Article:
HONBLE JUSTICE Dr. B.S. CHAUHAN & HONBLE JUSTICE FAKKIR MOHAMED IBRAHIM KALIFULLA in the case of Venkataraja & Ors. vs Vidyane ... Decided on 10 April, 2013:-
In Shakuntla Devi v. Kamla & Ors., (2005) 5 SCC 390, this Court while dealing with the issue held: “……a declaratory decree simpliciter does not attain finality if it has to be used for obtaining any future decree like possession. In such cases, if suit for possession based on an earlier declaratory decree is filed, it is open to the defendant to establish that the declaratory decree on which the suit is based is not a lawful decree.”

Doctrine embodied in the legal maxim, ‘Ubi jus ibi idem remedium’ (where there is a right, there is a remedy). This Court dealt with the aforesaid doctrine in Dhannalal v. Kalawatibai & Ors., AIR 2002 SC 2572 and held, that “if a man has a right, he must have the means to vindicate and maintain it, and also a remedy, if he is injured in the exercise and enjoyment of the said right, and that it is indeed, a vain thing to imagine a right without a remedy, for the want of a right and the want of a remedy, are reciprocal”. (See also: Smt. Ganga Bai v. Vijay Kumar & Ors., AIR 1974 SC 1126)

Legal maxim, ‘Actus Curiae Neminem Gravabit i.e. an act of Court shall prejudice no man’. This Court dealt with the said maxim in Jayalakshmi Coelho v. Oswald Joseph Coelho, AIR 2001 SC 1084, and explained its scope, observing: “….where the order may contain something which is not mentioned in the decree would be a case of unintentional omission or mistake. Such omissions are attributable to the Court who may say something or omit to say something which it did not intend to say or omit. No new arguments or re-arguments on merits are required for such rectification of mistake.”

Corporation Of The City Of ... vs M. Papaiah And Anr. AIR 1989 SC 1809, It is well established that for deciding the nature of a suit the entire plaint has to be read and not merely the relief portion……

In Deo Kuer & Anr. v. Sheo Prasad Singh & Ors. AIR 1966 SC 359, this Court dealt with a similar issue, and considered the provisions of Section 42 of the Specific Relief Act 1877, (analogous to Section 34 of the Act 1963), and held, that where the defendant was not in physical possession, and not in a position to deliver possession to the plaintiff, it was not necessary for the plaintiff in a suit for declaration of title to property, to claim the possession.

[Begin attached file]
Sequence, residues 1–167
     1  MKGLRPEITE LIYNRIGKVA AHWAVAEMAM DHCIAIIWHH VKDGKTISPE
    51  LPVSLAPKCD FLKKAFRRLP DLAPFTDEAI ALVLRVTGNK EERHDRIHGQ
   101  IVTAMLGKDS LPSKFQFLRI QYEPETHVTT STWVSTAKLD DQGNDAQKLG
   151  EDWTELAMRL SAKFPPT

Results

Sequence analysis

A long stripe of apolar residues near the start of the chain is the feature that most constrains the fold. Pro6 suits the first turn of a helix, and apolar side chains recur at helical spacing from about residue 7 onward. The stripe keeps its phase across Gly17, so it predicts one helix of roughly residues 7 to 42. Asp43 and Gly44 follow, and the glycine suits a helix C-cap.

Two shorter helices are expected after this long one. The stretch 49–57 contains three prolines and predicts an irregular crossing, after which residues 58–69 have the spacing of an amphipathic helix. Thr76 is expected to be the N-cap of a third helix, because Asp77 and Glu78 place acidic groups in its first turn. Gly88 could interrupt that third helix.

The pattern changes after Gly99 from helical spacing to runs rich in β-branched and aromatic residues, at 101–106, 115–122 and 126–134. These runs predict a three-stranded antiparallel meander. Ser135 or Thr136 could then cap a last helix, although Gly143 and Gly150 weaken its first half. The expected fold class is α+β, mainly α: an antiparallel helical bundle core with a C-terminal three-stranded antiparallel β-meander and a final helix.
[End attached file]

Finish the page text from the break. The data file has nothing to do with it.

In Vinay Krishna v. Keshav Chandra & Anr., AIR 1993 SC 957, Court while dealing with a similar issue held: “……It is also now evident that she was not in exclusive possession because admittedly Keshav Chandra and Jagdish Chandra were in possession. There were also other tenants in occupation. In such an event the relief of possession ought to have been asked for. The failure to do so undoubtedly bars the discretion of the Court in granting the decree for declaration.”
A mere declaratory decree remains non-executable in most cases generally. However, there is no prohibition upon a party from seeking an amendment in the plaint to include the unsought relief, provided that it is saved by limitation. However, it is obligatory on the part of the defendants to raise the issue at the earliest. (Vide: Parkash Chand Khurana etc. v. Harnam Singh & Ors., AIR 1973 SC 2065; and State of M.P. v. Mangilal Sharma, AIR 1998 SC 743).
In Muni Lal v. The Oriental Fire & General Insurance Co. Ltd. & Anr., AIR 1996 SC 642, this Court dealt with declaratory decree, and observed that “mere declaration without consequential relief does not provide the needed relief in the suit; it would be for the plaintiff to seek both reliefs. The omission thereof mandates the court to refuse the grant of declaratory relief.”

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